Waiver Wire: Diamonds in the Rough


Jul 12, 2015; Seattle, WA, USA; Los Angeles Angels pitcher

Andrew Heaney

(28) throws a pitch in the first inning against the Seattle Mariners at Safeco Field. Mandatory Credit: Jennifer Buchanan-USA TODAY Sports

Targeting potential 2nd half breakouts are a key to any fantasy owner’s season. We see it every year as a player comes out of nowhere or is being largely ignored, to become a second half hero that every team needs.

Hopefully, these four unheralded SP can be one of the key waiver wire moves that can guide your team to a postseason run.

Andrew HeaneyHeany’s offseason was on one of the more entertaining ones, as he found himself traded to two different teams in a matter of minutes. The Marlins sent him out to the Dodgers in the deal that netted them Dee Gordon and Dan Haren.

Before he could even picture himself in a Dodger uniform, he was sent off to the Angels in the deal for Howie Kendrick. Pretty eventful right? Heaney did debut in 2014 for the Marlins, and let’s just say it was not pretty, 5.83 ERA and he even managed to give up a home run in every one of his starts.

The question with Heaney was never his raw stuff, as his mid-90’s fastball and changeup play well off each other at the MLB level. His problem was his command, and staying out of the nitro zones. In the minors Heaney showed his K potential with an average of 8.9 SO/9, but he also walked about 2.5 batters per game.

When the Angels called him up, the formula was simple, pound the zone with his plus stuff and limit the walks. In his 4 starts so far, he has done just that as he sits at the break with three Wins, a 1.32 ERA, and 23 K’s. What has my interest though, is that so far he has limited his walks to only one a game, yet has still has maintained a high per game K total with a 7.6 SO/9, pointing to his ability to effectively control his arsenal.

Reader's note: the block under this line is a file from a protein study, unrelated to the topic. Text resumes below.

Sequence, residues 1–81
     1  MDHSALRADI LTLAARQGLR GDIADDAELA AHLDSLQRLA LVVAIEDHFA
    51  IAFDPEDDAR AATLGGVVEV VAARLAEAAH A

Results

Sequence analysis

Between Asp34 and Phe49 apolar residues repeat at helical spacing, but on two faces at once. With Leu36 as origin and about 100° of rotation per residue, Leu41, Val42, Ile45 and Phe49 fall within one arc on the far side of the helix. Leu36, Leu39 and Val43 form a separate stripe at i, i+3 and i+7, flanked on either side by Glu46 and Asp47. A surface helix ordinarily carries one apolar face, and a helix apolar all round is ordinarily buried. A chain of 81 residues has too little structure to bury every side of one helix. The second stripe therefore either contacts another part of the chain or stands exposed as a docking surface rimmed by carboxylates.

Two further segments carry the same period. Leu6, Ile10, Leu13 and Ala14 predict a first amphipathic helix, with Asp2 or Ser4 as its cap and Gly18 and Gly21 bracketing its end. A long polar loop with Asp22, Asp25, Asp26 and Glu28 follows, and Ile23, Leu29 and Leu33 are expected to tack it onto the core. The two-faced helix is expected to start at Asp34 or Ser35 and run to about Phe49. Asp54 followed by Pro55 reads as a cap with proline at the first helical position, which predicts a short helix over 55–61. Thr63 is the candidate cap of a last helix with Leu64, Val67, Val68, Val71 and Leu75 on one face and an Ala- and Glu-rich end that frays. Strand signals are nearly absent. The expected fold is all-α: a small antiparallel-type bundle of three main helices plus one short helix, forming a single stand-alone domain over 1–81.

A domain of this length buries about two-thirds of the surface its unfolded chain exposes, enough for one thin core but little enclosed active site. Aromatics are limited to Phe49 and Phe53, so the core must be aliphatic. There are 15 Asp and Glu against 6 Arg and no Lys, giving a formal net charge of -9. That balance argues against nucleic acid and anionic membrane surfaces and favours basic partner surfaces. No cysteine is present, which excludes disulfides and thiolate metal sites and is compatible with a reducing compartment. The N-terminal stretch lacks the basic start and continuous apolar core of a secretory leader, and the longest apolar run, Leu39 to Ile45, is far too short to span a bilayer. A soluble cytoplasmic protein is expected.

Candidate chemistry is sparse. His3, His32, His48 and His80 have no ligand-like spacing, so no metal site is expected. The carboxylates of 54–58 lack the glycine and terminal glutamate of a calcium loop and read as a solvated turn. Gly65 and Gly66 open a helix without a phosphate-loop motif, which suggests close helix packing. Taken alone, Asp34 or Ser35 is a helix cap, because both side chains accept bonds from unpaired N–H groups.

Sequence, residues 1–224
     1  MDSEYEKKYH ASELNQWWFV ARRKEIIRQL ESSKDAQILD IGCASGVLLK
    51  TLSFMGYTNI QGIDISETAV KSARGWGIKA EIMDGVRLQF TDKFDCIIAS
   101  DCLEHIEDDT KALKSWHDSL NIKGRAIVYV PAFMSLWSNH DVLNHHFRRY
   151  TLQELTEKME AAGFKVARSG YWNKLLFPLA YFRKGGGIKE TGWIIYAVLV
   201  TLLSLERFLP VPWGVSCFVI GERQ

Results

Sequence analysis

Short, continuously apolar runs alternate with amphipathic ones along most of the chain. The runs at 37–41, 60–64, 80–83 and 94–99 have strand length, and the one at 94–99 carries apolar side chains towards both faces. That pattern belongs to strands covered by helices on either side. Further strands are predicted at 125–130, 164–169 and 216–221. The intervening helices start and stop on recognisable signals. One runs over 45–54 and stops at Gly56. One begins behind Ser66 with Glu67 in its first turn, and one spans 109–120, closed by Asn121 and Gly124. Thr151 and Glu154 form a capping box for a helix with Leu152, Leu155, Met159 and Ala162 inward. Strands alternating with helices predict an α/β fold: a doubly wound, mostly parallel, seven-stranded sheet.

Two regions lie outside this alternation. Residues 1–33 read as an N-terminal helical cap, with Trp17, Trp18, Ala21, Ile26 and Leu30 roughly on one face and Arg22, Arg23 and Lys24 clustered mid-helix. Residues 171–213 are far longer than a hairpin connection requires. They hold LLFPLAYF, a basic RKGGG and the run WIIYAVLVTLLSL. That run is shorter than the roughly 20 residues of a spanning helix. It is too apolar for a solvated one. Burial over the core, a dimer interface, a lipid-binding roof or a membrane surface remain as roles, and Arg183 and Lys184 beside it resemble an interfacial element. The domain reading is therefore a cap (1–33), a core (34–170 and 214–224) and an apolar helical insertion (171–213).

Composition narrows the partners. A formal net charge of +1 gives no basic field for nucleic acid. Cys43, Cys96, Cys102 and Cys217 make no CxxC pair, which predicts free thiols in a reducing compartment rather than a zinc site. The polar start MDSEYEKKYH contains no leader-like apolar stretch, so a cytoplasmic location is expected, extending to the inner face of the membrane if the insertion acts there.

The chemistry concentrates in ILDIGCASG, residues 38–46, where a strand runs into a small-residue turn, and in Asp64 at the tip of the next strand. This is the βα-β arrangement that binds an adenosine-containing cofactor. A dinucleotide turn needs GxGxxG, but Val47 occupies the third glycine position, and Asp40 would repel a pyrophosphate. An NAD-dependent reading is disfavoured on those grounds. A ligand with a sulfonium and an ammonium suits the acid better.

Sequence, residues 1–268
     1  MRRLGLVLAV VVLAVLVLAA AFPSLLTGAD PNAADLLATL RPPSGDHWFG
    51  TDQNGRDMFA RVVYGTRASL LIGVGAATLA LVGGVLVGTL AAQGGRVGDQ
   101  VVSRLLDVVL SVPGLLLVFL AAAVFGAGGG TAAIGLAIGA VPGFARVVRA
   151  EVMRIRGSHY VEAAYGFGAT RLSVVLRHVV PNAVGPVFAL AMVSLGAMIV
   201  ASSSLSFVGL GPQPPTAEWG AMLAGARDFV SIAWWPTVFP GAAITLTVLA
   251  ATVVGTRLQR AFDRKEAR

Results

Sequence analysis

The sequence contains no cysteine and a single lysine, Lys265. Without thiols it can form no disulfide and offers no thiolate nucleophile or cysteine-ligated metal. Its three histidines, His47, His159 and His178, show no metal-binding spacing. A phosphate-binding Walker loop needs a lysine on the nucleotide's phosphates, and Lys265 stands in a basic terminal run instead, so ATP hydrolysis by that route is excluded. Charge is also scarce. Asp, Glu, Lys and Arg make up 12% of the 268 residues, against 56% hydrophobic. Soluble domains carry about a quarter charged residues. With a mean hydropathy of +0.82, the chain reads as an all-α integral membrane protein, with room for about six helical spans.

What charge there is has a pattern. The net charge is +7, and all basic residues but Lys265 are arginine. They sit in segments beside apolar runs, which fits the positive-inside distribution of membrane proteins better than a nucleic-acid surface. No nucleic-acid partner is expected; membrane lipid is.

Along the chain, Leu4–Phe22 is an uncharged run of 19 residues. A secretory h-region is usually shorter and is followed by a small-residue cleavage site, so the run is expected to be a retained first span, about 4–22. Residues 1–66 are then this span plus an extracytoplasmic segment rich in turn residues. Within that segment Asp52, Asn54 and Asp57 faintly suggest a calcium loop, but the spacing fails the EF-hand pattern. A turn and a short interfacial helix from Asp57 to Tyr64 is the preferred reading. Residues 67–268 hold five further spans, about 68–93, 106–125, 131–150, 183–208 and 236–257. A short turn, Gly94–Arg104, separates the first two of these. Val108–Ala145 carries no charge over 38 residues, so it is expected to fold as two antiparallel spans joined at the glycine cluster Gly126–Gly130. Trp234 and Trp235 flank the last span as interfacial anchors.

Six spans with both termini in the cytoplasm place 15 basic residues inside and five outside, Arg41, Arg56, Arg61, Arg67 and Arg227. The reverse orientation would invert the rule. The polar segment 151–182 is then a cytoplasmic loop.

For me he has the best chance at being the a breakout SP on the waiver wire, as he is still only owned in about 40% of leagues across all formats. His 1.32 ERA is unsustainable I know, but with a 2.78 FIP, his success has not just been luck either. Snag him now.

Robbie RayFollowing the offseason trade theme, Ray was sent from the Tigers to the D’Backs in a three-way deal in the offseason that also involved Didi Gregorious and Shane Greene. Ray’s inclusion at the time seemed pretty inconspicuous as he had a brief and horrid cameo for the Tigers last season.

Like Heaney though, Ray has been a highly touted prospect finding himself on the tops of LHP prospect charts.  He has a good live fastball and the key to his success so far has been his choice to include his slider more as opposed to being just a fastball and changeup pitcher. Over his last three starts he has averaged 6 IP, a 2.00 ERA and 5 K’s.

What is promising about Ray is that he seems to be getting better after every start, he has limited his walks all year, and once again his 2.86 FIP leads me to think that he could be a solid addition.